Stated income loans are still around, believe it or not. While they might have the same name, though, they are a completely different product. Lenders still verify your income; they just do so in a non-conventional way. If you do not have paystubs or W-2s to verify your income and your tax returns are not an accurate reflection of the amount of money you make each year because of the large amount of write-offs you take, a stated income loan might be the right answer for you. Before you start applying with different lenders, though, you should understand what compensating factors most lenders want to see in order to qualify you for the mortgage.
Large Down Payment
One of the easiest ways to convince a lender to approve you for a stated income loan is to have a large down payment. There is no minimum amount required as each lender creates their own program because subprime or alternative documentation loans are typically lender funded. So what a large down payment means to one lender might differ for another. In general, the closer you can get to a 20 percent down payment, the better off your chances are of getting approved.
You might wonder what difference a large down payment makes, but it is a very large difference. This compensating factor gives lenders peace of mind because you have such a large amount of money invested in the home. This means that you will more than likely try very hard to keep up with your payments. Let’s look at two different examples:
- Borrower A puts down the lowest down payment a lender will allow. This amount is 5% of the purchase price. If the purchase price was $200,000 that means the borrower put down $10,000. That seems like a lot of money, but it is only 5% of the amount of money the lender is giving you.
- Borrower B puts down a much higher down payment of 20 percent. With the same $200,000 loan amount, the borrower puts down $40,000. This is a significant amount of money which the borrower is probably very likely to work hard to avoid losing.
Both Borrower A and B put down quite a bit of money, but with $30,000 more invested in the home, Borrower B is much more likely to try to avoid foreclosure than Borrower A, which makes the lender more likely to approve Borrower B than Borrower A.
Good Credit Score
Believe it or not, a good credit score could be the only compensating factor you need. Because stated income loans provide the lender with a risk because they are not verifying your income the standard way, but are relying on other documentation, such as your bank statements to verify your income, they want to know that you are a good risk. The best measure of your level of risk is your credit score. The higher the score, the better payment pattern you have. This means you are more likely to continue that pattern in the future, including the payments on your new mortgage. What one lender considers “good” credit might differ from another lender, though. In general, the following is how credit scores are viewed:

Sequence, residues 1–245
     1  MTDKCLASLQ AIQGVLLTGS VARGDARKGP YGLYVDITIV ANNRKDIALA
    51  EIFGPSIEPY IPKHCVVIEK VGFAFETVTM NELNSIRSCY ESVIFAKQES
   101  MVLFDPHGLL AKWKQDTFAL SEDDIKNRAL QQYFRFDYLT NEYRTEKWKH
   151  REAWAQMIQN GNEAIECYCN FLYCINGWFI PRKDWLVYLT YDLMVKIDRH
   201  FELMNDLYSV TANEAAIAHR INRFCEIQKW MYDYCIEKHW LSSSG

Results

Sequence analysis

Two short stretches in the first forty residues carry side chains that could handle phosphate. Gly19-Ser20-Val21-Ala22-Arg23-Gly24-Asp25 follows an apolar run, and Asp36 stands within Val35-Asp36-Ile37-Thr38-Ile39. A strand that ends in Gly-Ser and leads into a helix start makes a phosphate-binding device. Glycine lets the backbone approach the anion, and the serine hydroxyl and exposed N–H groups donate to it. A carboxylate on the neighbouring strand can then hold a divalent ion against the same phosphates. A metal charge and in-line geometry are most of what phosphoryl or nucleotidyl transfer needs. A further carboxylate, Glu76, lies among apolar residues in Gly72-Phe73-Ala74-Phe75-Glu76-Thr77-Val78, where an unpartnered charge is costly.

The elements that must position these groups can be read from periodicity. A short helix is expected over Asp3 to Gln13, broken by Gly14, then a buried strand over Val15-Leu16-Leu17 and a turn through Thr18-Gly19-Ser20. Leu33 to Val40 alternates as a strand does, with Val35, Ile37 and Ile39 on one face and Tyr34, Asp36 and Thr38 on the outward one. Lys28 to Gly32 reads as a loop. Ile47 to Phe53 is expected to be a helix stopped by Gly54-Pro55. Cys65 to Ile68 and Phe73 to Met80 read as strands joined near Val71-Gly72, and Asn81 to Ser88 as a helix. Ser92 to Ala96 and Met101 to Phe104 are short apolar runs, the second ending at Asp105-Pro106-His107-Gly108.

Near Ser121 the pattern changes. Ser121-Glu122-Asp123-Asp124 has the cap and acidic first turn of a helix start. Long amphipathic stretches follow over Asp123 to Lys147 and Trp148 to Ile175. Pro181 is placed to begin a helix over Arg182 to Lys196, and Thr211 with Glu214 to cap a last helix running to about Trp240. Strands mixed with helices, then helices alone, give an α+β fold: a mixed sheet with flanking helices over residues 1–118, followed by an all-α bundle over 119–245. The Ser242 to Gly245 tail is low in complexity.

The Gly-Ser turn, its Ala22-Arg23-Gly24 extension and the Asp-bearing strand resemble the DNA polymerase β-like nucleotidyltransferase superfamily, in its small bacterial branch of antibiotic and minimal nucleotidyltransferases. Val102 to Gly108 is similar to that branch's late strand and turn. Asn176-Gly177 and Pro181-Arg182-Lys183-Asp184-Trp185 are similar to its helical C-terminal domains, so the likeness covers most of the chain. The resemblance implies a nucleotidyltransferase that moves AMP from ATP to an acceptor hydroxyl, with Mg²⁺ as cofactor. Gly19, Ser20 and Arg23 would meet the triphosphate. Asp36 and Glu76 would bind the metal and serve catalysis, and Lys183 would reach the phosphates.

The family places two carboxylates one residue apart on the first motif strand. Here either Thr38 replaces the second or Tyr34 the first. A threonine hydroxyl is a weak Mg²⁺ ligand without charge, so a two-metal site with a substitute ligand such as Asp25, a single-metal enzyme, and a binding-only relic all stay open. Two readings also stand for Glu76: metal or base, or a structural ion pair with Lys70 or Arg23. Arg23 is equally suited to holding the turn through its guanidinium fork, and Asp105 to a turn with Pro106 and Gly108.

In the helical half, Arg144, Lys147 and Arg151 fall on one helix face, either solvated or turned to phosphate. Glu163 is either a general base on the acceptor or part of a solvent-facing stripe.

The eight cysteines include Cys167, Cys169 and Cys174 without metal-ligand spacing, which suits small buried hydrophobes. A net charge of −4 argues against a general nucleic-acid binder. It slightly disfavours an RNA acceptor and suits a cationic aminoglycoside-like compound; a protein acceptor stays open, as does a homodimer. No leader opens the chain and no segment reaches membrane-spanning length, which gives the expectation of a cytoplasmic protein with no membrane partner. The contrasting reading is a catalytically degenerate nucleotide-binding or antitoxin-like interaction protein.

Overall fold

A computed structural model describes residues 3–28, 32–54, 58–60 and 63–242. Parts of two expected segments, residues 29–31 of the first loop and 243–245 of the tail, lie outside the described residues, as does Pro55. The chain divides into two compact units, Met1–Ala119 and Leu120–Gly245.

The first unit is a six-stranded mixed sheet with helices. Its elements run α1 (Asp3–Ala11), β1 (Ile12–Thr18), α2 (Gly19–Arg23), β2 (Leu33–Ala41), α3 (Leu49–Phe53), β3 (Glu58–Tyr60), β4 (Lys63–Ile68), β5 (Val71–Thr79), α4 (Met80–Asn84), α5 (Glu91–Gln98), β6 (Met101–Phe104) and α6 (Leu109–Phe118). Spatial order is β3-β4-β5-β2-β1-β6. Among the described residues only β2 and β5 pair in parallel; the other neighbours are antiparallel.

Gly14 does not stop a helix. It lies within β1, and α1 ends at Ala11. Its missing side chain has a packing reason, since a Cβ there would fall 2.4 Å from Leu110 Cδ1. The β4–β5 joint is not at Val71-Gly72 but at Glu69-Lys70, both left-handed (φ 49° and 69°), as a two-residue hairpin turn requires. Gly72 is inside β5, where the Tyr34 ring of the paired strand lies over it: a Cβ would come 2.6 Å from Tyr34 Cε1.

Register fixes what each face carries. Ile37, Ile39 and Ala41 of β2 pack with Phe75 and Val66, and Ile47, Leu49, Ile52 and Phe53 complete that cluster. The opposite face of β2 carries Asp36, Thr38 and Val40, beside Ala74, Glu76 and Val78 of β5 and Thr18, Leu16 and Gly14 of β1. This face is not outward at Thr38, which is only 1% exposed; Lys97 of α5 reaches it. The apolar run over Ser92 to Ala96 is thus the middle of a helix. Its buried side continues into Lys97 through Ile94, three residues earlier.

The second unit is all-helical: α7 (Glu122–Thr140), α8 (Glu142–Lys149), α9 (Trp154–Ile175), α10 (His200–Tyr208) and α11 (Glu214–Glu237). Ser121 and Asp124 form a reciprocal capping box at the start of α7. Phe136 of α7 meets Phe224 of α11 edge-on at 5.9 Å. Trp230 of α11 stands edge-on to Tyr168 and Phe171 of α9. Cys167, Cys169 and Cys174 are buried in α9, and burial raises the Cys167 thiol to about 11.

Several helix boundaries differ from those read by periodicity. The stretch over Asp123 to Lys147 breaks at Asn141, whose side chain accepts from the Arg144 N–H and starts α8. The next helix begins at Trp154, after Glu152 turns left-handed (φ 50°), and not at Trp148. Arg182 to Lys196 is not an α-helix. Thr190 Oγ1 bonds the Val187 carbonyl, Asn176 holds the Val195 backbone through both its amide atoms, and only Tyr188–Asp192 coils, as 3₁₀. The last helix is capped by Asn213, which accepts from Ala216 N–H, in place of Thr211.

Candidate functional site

- Scores over 750 are considered excellent
- Scores between 749 and 700 are considered good
- Scores between 699 and 650 are considered fair
- Scores between 649 and 600 are considered poor
- Scores lower than 600 are considered bad
Again, different lenders might look at scores differently, but if you have a credit score of 750, most lenders will not turn their heads at your application. On the other hand, if you have a score of 600, you might have a harder time finding a lender that is willing to give you a stated income loan because of the level of risk involved and the complicated risk you provide with your low credit score. On average, lenders want to see a credit score over 680 in order to use alternative lending, but some lenders might be willing to take a lower credit score if you can compensate in other ways.
Consistent Employment History
One thing that any lender looks for in any type of program is consistency. You need to be able to show that you stayed at the same job or at least within the same industry for the last few years. You also need to show that your income was consistent as these two factors can go hand-in-hand. Here are a few examples:
- You have a five-year job history at your job, never changing positions. Your income increased slightly each year from a raise.
- You have a two-year job history at your job, never changing positions and your income stayed the same during that time.
- You have had two different jobs within the last two years, but they were within the same industry. The second job provided you with a much higher income than the first job. This shows that you were able to better your situation, which is typically not penalized because of the lack of a two-year job history.
- You are self-employed for two years and have the proof from your licensed CPA stating that you have been self-employed during that time.
- You are self-employed, but only for one year, but your job prior to opening your own business was in the same industry and was for 10 years.
As you can see, consistency can mean many different things; it does not mean you are stuck at the same job for the rest of your life if you ever want to qualify for a mortgage, even a subprime mortgage.